If someone dashed my baby’s brains against the wall, laughing, or cut my children’s arms off, I would think my forgiveness completely irrelevant. I might come to understand why it happened, I might come to terms with it somehow, I might put aside any feelings of vengeance. But either the wrongdoers could not really help what they were doing — they were themselves the victims of terror, superstition, abuse or madness and were not fully responsible for their actions — or else they were fully responsible and did it anyway. Forgiveness doesn’t seem to me to apply.
If somebody is not fully responsible for his actions, then by definition he is not fully answerable for what he does. And then also by definition he can never truly be either blamed or forgiven. That’s why in English law there is an idea of diminished responsibility, usually because of mental illness. In such cases the wrongdoer pleads not guilty, though admitting his actions; it follows that if he is not “guilty”, he can hardly be forgiven. You might as well forgive a cat for idly tormenting a bird. As Jesus said at his crucifixion, “Forgive them, Father, for they know not what they do.” Presumably, though no doubt theologians will disagree, this means that if they had known what they were doing Jesus would not have prayed for them to be forgiven.
There is a curious quirk in contemporary thinking about such things, with people supposed to have personality disorders. They are more likely than others to do things which are mad or bad or dangerous, but they are not considered mad because they are not considered treatable. Many, many people in prison fall into this category and they are at high risk of committing serious crimes.
He does what he does, tragically, because of the way he is. And that, equally tragically, is true of the rest of us to some degree. In western culture we start from a belief that we are all equally morally responsible, but while that might be a noble and useful idea it is not, unfortunately, true. We are not. It’s obvious from looking no further than one’s own extended family that some people are pretty much in the driving seat of their lives; others much less so and some hardly at all.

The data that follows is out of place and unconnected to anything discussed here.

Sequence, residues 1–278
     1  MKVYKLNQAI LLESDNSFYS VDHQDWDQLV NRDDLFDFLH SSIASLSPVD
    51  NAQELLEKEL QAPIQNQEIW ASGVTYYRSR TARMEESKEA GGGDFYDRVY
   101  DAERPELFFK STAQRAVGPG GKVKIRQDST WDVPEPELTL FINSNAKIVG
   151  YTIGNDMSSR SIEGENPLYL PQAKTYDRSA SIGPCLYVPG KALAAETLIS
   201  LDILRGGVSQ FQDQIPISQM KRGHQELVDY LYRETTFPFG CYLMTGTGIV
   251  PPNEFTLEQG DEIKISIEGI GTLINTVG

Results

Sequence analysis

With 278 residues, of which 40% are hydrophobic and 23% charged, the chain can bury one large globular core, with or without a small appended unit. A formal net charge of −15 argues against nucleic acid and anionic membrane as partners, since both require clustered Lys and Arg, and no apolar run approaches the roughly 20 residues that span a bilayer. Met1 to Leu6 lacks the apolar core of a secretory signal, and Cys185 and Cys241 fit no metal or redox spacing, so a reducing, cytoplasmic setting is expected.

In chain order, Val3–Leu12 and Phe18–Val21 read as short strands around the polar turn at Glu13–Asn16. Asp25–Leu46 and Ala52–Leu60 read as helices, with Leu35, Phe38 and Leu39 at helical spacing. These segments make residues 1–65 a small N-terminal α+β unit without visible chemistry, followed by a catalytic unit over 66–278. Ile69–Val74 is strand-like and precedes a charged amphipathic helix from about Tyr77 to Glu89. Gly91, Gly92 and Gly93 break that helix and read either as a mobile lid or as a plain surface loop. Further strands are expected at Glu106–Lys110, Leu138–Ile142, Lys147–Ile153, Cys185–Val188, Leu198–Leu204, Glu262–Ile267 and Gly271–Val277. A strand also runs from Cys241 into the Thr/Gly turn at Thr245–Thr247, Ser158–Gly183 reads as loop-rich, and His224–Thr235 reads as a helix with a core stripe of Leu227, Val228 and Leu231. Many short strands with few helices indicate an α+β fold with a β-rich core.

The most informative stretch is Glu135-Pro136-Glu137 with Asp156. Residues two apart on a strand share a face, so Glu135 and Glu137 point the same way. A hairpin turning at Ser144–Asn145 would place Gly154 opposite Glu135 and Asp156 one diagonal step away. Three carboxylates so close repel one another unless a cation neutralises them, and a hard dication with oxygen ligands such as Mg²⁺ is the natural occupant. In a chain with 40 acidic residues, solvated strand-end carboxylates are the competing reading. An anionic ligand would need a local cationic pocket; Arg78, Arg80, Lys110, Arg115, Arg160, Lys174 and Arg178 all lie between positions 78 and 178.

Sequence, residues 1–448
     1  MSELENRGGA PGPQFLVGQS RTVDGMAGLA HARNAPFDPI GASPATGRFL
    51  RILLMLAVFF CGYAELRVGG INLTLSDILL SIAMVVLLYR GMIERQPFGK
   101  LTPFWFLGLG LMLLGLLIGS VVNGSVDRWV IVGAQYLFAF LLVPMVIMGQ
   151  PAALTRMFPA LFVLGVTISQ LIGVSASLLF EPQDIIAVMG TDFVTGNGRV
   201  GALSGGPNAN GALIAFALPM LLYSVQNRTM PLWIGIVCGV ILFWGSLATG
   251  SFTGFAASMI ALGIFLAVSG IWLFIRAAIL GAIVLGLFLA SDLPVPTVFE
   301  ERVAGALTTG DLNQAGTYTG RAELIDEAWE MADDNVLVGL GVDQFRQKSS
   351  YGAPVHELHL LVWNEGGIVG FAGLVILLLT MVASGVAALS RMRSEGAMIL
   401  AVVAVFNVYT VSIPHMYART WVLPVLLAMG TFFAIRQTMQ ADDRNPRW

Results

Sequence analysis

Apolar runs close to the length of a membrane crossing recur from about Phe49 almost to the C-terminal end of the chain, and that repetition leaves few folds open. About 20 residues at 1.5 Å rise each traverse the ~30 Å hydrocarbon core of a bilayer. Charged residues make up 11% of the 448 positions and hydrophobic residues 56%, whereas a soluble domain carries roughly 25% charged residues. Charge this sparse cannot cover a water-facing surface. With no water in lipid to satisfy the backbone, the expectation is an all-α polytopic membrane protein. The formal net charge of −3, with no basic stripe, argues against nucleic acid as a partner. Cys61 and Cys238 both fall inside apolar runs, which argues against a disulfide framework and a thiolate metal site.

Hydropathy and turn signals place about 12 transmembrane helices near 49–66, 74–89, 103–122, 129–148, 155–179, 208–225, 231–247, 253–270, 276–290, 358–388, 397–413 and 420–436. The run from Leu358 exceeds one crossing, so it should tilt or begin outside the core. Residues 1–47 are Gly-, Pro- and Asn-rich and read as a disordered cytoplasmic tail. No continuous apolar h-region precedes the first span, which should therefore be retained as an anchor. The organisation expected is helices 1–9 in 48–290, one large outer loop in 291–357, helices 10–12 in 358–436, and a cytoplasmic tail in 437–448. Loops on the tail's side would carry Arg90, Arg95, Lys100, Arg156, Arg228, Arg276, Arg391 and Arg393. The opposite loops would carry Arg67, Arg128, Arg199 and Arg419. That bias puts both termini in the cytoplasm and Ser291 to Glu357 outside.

We are all formed by complex interactions of nature and nurture, which science is only barely beginning to understand; our aptitudes are inherited, our infant brains are rewired by our experiences, particularly traumatic ones, our behaviour is moulded by culture and habit, good and bad. This view is often ridiculed as crude determinism, but I think it is neither crude nor easy to refute.
Forgiveness has always been seen in our culture as a most noble, generous-hearted virtue and I don’t underestimate the courage and magnanimity of those who are able to forgive others for terrible wrongs. And I can understand forgiveness as a social construct; personal vengeance and vendetta cannot be allowed in a civilised society and forgiveness has no doubt developed as an antidote to the toxins of revenge.
But withholding forgiveness is not necessarily the same as demanding revenge. I do not think Moussaoui should be mistreated or executed, because I think both are wrong and bad for the executioners. But I do not think it is for me or for anyone else on earth to forgive him.